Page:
Wow, I seem to have a lot of posts about cleaning lately. 'Tis the season?
Karen from The Art of Doing Stuff issued her annual Christmas Pledge again this year. The idea is to basically have everything for Christmas (with the exception of most of the baking) done by the first of December. This way, you can spend the month of December relaxing instead of panicking and freaking out. It's a fantastic idea, and I sort of tried to this year, but I couldn't completely get behind it. Here's why:
Thanksgiving was so late in November this year, and we don't get our tree until after Thanksgiving. Wrapping presents isn't going to happen until the tree is up, either. I'm also not going to decorate my house for Christmas before Thanksgiving, although since we live in Michigan it does make sense to hang outside lights early, even if we don't turn them on until December. Plus, I was making so many decorations for the first time this year. So, that basically left me with cramming all my decorating into 2 days, one of which was spent hanging out with family.
So, while I think it was a great idea, this year, I didn't really take Karen's Christmas Pledge. I did take the one that I've taken for many years now, though, and that is the unspoken one I have with myself.
For as long as I can remember, I've started my Christmas list in September. This is not the "What I Want For Christmas" list that so many kids call their Christmas list. My Christmas list is what I'm getting (or more likely, making) for other people. If there are things I'm making, I like to start in fall, in case it takes me longer than expected (i.e. if I have a lot of knitting or crocheting projects). And even before that, as early as January, I keep my eyes open for gifts for those hard-to-buy-for people.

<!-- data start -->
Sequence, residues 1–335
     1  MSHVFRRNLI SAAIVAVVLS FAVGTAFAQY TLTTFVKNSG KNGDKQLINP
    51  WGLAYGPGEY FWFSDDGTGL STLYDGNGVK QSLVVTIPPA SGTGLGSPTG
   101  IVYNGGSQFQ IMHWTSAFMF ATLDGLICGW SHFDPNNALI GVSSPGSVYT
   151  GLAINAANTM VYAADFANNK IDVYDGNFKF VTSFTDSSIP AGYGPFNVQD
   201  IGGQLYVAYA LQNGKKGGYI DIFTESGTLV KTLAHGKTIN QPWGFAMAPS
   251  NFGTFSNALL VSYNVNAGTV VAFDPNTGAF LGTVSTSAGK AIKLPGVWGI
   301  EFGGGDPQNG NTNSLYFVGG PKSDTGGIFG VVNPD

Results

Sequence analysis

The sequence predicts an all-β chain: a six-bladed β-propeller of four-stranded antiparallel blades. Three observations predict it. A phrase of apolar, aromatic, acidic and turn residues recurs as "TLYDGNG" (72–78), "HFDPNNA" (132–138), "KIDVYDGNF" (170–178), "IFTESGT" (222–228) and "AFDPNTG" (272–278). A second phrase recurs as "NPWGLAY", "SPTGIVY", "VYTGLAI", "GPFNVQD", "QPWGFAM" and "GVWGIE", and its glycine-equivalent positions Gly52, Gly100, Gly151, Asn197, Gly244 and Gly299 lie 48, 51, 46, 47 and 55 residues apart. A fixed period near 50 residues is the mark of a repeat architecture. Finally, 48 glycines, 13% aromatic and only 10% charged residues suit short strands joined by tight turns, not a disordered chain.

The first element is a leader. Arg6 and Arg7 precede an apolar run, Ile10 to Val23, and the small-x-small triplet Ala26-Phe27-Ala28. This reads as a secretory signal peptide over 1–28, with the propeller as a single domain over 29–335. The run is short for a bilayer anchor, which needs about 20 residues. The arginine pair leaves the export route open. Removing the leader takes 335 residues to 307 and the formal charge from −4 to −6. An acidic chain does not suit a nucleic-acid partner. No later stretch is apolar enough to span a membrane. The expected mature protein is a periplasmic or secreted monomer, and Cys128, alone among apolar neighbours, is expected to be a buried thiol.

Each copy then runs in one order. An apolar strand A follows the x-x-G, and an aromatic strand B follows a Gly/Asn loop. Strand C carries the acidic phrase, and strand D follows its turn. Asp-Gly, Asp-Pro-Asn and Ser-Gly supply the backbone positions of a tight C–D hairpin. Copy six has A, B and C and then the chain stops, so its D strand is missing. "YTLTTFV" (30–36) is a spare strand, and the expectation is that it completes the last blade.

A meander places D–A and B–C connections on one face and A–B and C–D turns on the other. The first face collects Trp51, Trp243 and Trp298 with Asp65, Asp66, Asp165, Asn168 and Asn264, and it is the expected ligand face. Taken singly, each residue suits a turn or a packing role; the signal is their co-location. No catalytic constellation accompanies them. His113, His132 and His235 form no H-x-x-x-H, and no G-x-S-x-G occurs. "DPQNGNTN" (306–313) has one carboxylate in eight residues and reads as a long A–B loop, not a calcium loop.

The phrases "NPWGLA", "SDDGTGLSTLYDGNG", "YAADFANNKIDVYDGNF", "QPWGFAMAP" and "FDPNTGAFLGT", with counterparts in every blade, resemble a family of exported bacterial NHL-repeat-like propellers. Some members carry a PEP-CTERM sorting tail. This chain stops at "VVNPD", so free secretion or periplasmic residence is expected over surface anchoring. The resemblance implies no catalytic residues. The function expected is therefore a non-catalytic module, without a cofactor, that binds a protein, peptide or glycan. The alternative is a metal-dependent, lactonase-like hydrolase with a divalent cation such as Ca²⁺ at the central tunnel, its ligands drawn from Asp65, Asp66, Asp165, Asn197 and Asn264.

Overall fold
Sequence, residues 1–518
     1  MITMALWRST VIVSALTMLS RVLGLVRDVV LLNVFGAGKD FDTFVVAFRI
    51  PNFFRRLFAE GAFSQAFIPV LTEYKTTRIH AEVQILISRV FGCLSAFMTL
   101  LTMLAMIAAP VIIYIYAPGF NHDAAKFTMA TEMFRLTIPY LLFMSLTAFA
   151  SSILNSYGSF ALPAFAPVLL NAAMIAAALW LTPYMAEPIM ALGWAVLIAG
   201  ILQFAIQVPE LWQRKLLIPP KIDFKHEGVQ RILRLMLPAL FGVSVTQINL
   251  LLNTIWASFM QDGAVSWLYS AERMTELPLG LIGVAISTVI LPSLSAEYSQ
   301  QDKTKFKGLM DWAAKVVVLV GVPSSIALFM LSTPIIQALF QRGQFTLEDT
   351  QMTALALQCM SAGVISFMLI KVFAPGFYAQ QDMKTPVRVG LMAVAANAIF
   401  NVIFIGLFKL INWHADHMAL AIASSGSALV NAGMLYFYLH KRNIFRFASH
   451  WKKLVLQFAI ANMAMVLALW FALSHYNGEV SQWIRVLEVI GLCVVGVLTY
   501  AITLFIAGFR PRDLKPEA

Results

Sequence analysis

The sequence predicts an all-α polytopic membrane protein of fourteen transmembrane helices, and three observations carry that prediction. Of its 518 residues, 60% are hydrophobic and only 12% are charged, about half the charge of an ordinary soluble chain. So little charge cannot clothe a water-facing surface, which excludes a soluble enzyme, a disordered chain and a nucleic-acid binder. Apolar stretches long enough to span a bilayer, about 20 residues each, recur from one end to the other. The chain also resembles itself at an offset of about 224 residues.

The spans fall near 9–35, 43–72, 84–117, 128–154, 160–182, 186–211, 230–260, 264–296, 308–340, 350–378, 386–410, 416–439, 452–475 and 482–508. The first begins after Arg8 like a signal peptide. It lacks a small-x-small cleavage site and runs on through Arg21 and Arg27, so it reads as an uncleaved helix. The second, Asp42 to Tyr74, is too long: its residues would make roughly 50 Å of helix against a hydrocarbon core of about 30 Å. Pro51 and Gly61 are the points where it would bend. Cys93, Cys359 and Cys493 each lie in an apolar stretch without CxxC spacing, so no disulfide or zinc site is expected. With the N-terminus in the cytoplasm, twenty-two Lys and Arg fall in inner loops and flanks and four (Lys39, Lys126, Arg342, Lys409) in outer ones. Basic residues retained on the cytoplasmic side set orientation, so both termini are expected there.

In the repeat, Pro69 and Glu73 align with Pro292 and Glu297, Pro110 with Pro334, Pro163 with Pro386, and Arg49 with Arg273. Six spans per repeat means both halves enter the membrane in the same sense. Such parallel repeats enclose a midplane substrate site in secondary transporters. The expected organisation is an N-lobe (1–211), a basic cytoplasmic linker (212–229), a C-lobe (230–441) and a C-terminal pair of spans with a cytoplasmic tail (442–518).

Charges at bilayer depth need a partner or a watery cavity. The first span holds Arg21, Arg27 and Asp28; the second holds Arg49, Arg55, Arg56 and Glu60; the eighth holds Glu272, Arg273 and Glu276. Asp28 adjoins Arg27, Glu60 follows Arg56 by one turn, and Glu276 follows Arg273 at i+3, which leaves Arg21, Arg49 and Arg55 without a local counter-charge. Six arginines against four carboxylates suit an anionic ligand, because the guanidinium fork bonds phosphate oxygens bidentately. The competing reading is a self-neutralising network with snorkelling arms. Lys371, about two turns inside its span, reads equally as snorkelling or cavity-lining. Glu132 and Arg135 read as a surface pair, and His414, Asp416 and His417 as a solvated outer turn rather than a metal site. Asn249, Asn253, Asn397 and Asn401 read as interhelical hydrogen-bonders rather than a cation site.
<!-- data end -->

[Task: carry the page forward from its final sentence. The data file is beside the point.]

Why do I do this? Because stressing out isn't part of my Christmas tradition and I don't want it to be. I like to enjoy Christmas. Part of this enjoyment is decorating, crafting, making gifts, wrapping gifts, and baking. But another part of it is being able to sit back and relax in the light of our Christmas tree.
So yesterday, after I handed out most of our Cookie List baskets and realized that almost all our presents are wrapped, I realized that I'm pretty much done. One more batch of bread to bake, truffles to concoct for Christmas parties, and a few presents to wrap - but that's all. And I wondered what I was going to do with myself this week.
And now we get to the point about cleaning. We're certainly going to have relatives over - we have a few coming into town who haven't seen our house yet. But my mother-in-law also suggested that maybe the whole family might come over to our house one day next week after the Christmas parties die down. And hospitable me loves that idea, but self-conscious me remembers that I haven't dusted in literally months (I hate dusting!) and that - if I'm being perfectly honest - my bathroom hasn't been cleaned with something other than a Clorox wipe for about 3 weeks. Not that Clorox wipes aren't fantastic, but it's time to deep clean.
I think normally this type of cleaning is called Spring Cleaning, but I'm going to call it Christmas Cleaning. It is a little bit different from Spring Cleaning in that I don't actually need to deep clean, so long as it looks deep-cleaned. :) In some situations (i.e. the toilet, the floors, etc.), looking clean and being clean will be the same thing. But in other situations (i.e. drawers that we can close, etc.), these will be very different.
I divided my house into Zones and ranked them in order of importance of getting Christmas Cleaned. (Because I'm a nerd like that.) I'll start with the most important and hopefully get all the way to the end.
And so, I leave you now to start on Zone 1: my bathroom.
Love and A Toilet Brush,